Mark Sturgeon sent me a copy of an article called Memories of Bushtick by one who lived on the Bushtick Mine from a 1965 edition of The Falcon…this was particularly interesting because it describes the community and social life and all the sporting and recreational activities that were held at Bushtick Mine which many of the employees from the other nineteen small workings within a distance of eight kilometres also attended. Thanks Mark!
Falcon College has granted rights to Hawkmoth Mining and Exploration (Pvt) Limited (HME) a Zimbabwean company to explore and develop the historic Bushtick Mine and surrounding acreage, including the tailings dumps. Prospects Resources Limited, an ASX listed Australian company, through a Singapore listed subsidiary, owns 70% of HME.
In their annual report to June 2015, Prospects Resources announced it had completed a surface trenching programme of 10 trenches totaling 1,200 metres were dug covering an area of approximately 2kms by 100m over some of the Bushtick Reef. Varying grades of up to 2.8 g/t were recorded with the company stating that with the historical cut-off grades being relatively high, these results looked prospective for mining the remaining ore blocks economically today.
Their results indicated that the area surrounding Bushtick Mine might be prospective for both a small starter open-cast mine and tailings extraction projects, and in the longer-term an exploration programme might identify the greater Reserve Area for a larger open-cast deposit.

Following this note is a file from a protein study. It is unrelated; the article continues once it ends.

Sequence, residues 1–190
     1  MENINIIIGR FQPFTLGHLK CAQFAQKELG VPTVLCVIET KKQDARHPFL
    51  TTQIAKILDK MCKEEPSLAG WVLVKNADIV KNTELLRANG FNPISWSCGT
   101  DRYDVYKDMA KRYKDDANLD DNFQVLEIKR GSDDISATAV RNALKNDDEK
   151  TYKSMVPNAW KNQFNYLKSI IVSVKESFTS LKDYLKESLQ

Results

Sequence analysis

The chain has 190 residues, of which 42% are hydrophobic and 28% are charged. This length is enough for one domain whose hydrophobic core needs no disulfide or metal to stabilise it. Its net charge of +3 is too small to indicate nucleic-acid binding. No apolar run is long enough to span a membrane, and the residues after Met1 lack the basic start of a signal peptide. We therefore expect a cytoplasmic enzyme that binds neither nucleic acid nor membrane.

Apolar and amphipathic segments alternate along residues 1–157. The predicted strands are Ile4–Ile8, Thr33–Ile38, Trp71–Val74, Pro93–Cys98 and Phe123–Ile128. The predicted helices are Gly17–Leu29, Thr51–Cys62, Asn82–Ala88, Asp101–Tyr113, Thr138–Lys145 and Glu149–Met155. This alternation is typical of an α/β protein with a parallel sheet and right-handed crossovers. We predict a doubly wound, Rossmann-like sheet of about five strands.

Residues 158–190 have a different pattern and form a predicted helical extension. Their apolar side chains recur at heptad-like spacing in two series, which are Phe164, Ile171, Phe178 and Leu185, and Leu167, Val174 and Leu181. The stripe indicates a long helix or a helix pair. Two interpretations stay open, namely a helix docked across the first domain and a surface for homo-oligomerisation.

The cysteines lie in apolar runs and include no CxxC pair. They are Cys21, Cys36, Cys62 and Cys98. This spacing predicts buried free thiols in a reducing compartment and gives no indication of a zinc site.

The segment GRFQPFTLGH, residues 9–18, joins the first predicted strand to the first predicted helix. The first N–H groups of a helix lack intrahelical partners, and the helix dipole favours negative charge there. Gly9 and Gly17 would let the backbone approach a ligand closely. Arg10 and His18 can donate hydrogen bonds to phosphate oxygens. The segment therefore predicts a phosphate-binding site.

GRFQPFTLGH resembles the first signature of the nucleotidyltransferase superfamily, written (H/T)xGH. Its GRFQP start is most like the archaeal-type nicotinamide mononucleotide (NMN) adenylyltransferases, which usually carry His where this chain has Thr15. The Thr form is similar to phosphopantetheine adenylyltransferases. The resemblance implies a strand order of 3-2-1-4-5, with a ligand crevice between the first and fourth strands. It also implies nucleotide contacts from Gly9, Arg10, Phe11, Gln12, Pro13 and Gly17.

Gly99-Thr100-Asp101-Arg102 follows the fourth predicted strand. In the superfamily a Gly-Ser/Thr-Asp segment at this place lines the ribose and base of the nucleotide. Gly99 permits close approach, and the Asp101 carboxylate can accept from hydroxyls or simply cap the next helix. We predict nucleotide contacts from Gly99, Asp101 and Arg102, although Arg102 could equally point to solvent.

For much of the above information I am indebted to Dr. F.L. Amm of the Southern Rhodesia Geological Survey who published Bulletin No 35 concerning the Geology of the country around Bulawayo in 1965. The professional and technical knowledge which it contains is unsurpassed and contributed greatly to making mining such an important sector in the development of this country.
F.L. Amm. The Geology of the country around Bulawayo. Bulletin (Southern Rhodesia Geological Survey) No 35
D.J. Bowen. Gold Mines of Rhodesia 1890 – 1980. Thomson Newspapers Rhodesia, 1979
R. Cherer Smith. Sir Digby Barnett K.B.E., J.P., M.I.M.M. Rhodesiana No 35, September 1976 P.19 - 23
R. Summers. Ancient Mining in Rhodesia. Trustees of the National Museums of Rhodesia, 1969
Bushtick Mine (1934) Limited 1939 financial statements at National Archives of Zimbabwe
Mark Sturgeon for an article entitled “The Mine called Bushtick” by an anonymous author in the Falcon College magazine and another called “Memories of Bushtick” by one who was there.
Neville and Colin Armstrong for early photographs of their great grandparents the Warwick Family and other photographs from the early days of the Bushtick Mine.
Gordon and Heather Macdonald for providing details of the location of the eighteen room house and to Barbara and Pierre Heymans for visiting the cemetery and eighteen-room house to take photographs.